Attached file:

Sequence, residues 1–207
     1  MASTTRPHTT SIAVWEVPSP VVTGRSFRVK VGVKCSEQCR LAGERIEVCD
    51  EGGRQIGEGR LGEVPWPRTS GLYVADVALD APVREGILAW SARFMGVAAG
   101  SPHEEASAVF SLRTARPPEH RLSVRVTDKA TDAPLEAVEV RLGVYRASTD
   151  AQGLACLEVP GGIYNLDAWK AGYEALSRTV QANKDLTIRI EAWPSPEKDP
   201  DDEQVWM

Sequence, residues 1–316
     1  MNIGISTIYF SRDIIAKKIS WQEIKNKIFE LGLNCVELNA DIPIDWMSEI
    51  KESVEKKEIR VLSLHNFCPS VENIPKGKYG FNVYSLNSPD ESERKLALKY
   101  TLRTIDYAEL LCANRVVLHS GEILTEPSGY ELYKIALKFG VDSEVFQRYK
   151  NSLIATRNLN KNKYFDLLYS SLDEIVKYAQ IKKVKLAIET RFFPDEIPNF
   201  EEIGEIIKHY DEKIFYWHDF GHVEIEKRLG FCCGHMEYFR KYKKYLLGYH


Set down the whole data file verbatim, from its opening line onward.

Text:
Sequence, residues 1–207
     1  MASTTRPHTT SIAVWEVPSP VVTGRSFRVK VGVKCSEQCR LAGERIEVCD
    51  EGGRQIGEGR LGEVPWPRTS GLYVADVALD APVREGILAW SARFMGVAAG
   101  SPHEEASAVF SLRTARPPEH RLSVRVTDKA TDAPLEAVEV RLGVYRASTD
   151  AQGLACLEVP GGIYNLDAWK AGYEALSRTV QANKDLTIRI EAWPSPEKDP
   201  DDEQVWM

Sequence, residues 1–316
     1  MNIGISTIYF SRDIIAKKIS WQEIKNKIFE LGLNCVELNA DIPIDWMSEI
    51  KESVEKKEIR VLSLHNFCPS VENIPKGKYG FNVYSLNSPD ESERKLALKY
   101  TLRTIDYAEL LCANRVVLHS GEILTEPSGY ELYKIALKFG VDSEVFQRYK
   151  NSLIATRNLN KNKYFDLLYS SLDEIVKYAQ IKKVKLAIET RFFPDEIPNF
   201  EEIGEIIKHY DEKIFYWHDF GHVEIEKRLG FCCGHMEYFR KYKKYLLGYH